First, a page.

Monday, June 11, 2012

Disclosure to Student Borrowers

In light of the previous article, this NYT editorial is spot on:


NYT editorial

April 7, 2012

Disclosure to Student Borrowers

The federal government must do a lot more to protect college students and their families from falling into crippling debt. At the very top of that list is improving oversight of private student lenders. Too often, these lenders rush families into taking on risky, high-priced loans — even when students are eligible for safer, more affordable federal loans. Colleges must also be pressed to do a lot more to fully inform and protect their students. They often fail to explain the costs of loans and the dangers of choosing the wrong ones. Some colleges actively harm their students by packaging high-cost loans with their student-aid offers, to make the school appear more affordable than it really is.

A bill introduced by two Democratic senators, Richard Durbin of Illinois and Tom Harkin of Iowa, would require colleges and lenders to do a better job of making students aware of their borrowing options and the marked difference between federal and private student loans. College students often do not understand their eligibility for federal loans, or mistakenly believe that private loans work the same way that government loans do. But most federal student loans are capped at 6.8 percent, while private loans often have variable rates that can start at 15 percent or higher. Federal loans also protect students from default — and a permanent mark on their credit record — allowing them to defer payment if they lose a job or have other troubles. Private loans include few such protections. Without the right guidance from colleges, and full disclosure from private lenders, many students turn to private loans before even applying to the federal program.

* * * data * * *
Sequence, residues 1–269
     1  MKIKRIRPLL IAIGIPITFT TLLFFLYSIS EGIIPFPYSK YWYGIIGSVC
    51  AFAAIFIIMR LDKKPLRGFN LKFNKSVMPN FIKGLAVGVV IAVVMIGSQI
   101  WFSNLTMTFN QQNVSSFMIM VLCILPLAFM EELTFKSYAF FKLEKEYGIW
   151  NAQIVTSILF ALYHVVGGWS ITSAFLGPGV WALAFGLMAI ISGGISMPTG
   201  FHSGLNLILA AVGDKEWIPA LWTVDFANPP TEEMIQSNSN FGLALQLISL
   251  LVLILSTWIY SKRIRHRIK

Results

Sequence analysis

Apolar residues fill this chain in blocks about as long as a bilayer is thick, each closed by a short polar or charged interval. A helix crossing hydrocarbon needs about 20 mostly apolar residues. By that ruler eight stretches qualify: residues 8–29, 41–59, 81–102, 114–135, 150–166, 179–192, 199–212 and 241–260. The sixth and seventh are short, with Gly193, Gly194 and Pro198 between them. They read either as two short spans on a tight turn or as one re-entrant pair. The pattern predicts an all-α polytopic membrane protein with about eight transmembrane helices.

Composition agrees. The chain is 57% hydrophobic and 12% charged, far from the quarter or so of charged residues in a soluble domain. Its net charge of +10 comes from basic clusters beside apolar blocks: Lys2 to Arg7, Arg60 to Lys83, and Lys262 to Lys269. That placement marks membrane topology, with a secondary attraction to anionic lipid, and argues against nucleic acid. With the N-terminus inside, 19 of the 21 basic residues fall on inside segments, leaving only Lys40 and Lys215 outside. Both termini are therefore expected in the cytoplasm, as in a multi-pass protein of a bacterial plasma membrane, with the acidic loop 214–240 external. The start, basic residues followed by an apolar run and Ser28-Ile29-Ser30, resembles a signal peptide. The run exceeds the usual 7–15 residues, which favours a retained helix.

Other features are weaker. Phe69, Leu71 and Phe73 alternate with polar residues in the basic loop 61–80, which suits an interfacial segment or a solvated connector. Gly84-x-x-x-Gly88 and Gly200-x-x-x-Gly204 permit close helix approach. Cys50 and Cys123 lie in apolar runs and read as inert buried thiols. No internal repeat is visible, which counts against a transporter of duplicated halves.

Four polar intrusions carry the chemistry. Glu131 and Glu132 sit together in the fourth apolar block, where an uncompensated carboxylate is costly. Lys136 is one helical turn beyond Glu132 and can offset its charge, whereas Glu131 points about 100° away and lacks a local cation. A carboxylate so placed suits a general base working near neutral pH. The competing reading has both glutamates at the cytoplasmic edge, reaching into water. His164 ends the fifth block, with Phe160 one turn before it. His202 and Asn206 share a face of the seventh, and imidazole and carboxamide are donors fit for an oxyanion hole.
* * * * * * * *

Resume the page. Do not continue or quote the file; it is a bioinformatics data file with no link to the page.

The Durbin-Harkin bill would help students understand how loans work before they get into debt. Lenders would have to notify schools about students who were seeking private loans and determine how much the students were eligible to borrow. The schools would then be required to make students aware of the higher cost and higher risks of a private loan and the range of borrowing options.

Once students learn that federal loans are safer and less expensive, it is unlikely that they and their families will choose the private option. This measure deserves to become law.

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